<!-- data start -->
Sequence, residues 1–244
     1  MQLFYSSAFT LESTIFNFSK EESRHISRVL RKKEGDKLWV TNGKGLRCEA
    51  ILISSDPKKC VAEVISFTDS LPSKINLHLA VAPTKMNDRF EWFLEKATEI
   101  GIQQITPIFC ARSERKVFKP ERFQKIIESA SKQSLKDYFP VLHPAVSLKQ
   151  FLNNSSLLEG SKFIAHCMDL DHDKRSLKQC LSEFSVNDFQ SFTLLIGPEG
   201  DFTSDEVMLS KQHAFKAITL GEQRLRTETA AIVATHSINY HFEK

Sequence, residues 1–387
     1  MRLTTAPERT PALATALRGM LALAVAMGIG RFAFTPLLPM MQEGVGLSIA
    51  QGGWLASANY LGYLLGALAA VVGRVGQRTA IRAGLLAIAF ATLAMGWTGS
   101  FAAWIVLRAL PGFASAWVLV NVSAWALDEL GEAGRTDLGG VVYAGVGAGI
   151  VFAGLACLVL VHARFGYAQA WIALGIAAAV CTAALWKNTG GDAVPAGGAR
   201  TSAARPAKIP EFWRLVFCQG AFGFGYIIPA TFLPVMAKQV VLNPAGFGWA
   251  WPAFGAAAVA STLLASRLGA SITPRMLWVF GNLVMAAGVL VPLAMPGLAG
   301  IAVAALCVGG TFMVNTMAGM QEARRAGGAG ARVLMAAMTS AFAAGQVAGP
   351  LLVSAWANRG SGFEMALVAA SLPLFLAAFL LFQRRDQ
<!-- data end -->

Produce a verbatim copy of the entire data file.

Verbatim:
Sequence, residues 1–244
     1  MQLFYSSAFT LESTIFNFSK EESRHISRVL RKKEGDKLWV TNGKGLRCEA
    51  ILISSDPKKC VAEVISFTDS LPSKINLHLA VAPTKMNDRF EWFLEKATEI
   101  GIQQITPIFC ARSERKVFKP ERFQKIIESA SKQSLKDYFP VLHPAVSLKQ
   151  FLNNSSLLEG SKFIAHCMDL DHDKRSLKQC LSEFSVNDFQ SFTLLIGPEG
   201  DFTSDEVMLS KQHAFKAITL GEQRLRTETA AIVATHSINY HFEK

Sequence, residues 1–387
     1  MRLTTAPERT PALATALRGM LALAVAMGIG RFAFTPLLPM MQEGVGLSIA
    51  QGGWLASANY LGYLLGALAA VVGRVGQRTA IRAGLLAIAF ATLAMGWTGS
   101  FAAWIVLRAL PGFASAWVLV NVSAWALDEL GEAGRTDLGG VVYAGVGAGI
   151  VFAGLACLVL VHARFGYAQA WIALGIAAAV CTAALWKNTG GDAVPAGGAR
   201  TSAARPAKIP EFWRLVFCQG AFGFGYIIPA TFLPVMAKQV VLNPAGFGWA
   251  WPAFGAAAVA STLLASRLGA SITPRMLWVF GNLVMAAGVL VPLAMPGLAG
   301  IAVAALCVGG TFMVNTMAGM QEARRAGGAG ARVLMAAMTS AFAAGQVAGP
   351  LLVSAWANRG SGFEMALVAA SLPLFLAAFL LFQRRDQ